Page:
Walking to school used to be a rite of passage for kids. It was part of everyday life; part and parcel of growing up. In the past few decades, that has changed. A combination of fear mongering about traffic and crime as well as families living further from schools has resulted in less and less children walking or biking to school.
In 1969, 48% of kids walked or biked to school. Of those living within a mile of school, almost everyone (89%) did. In 2009, only 13% of children walked or biked to school while just 35% of kids living within a mile of school did.
Why does it matter?
Walking to school offers myriad benefits to kids behavior and health, educational outcomes, and even traffic safety. Kids who exert more energy before they learn are more likely to be able to sit through their lessons, less likely to be obese, and perform better academically.
Drivers who see kids walking or biking are more likely to slow down, which causes other drivers to slow down as well, making local roads safer for everyone.
Cities and school districts that work to create safer ways to walk to school ultimately benefit themselves, making their roads safer, their educational outcomes better, and their youngest constituents healthier and better equipped to learn.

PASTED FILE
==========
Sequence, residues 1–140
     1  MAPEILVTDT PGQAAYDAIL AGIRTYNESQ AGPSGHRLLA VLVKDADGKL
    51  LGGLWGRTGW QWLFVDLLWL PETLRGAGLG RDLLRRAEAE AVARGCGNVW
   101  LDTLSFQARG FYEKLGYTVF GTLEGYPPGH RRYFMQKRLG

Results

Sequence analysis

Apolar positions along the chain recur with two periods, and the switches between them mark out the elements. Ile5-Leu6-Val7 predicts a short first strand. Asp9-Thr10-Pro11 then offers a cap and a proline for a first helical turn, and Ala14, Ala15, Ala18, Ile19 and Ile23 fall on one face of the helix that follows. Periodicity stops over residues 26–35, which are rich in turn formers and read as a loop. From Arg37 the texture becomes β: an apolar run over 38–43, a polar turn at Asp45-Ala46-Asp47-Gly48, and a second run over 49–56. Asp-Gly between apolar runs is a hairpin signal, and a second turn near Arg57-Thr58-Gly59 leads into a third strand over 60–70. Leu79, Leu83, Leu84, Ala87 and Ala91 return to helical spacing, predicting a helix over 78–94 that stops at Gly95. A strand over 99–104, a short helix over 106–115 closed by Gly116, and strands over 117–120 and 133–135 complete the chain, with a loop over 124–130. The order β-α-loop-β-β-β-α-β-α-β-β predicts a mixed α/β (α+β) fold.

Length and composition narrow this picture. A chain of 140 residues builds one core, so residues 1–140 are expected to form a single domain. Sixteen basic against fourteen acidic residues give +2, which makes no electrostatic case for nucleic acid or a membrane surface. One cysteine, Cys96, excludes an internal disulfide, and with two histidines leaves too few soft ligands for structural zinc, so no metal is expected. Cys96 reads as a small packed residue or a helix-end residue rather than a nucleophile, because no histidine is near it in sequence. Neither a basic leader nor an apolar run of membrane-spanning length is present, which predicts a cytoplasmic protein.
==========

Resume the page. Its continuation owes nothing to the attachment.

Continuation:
Communities across the country have implemented Safe Routes to School programs to encourage walking and bicycling to schools. Even without a formal program, small changes can make a big difference in getting kids out of cars and buses and back on their feet.
Educational campaigns geared to local school parents and children have proven to be a successful technique to increase awareness of the benefits of walking and biking to school.
Slowing cars down along routes that are popularly used for neighborhood children with speed display signs, variable message signs, or speed humps can give parents the added encouragement they need to allow their kids to exert their independence and head to school on their own.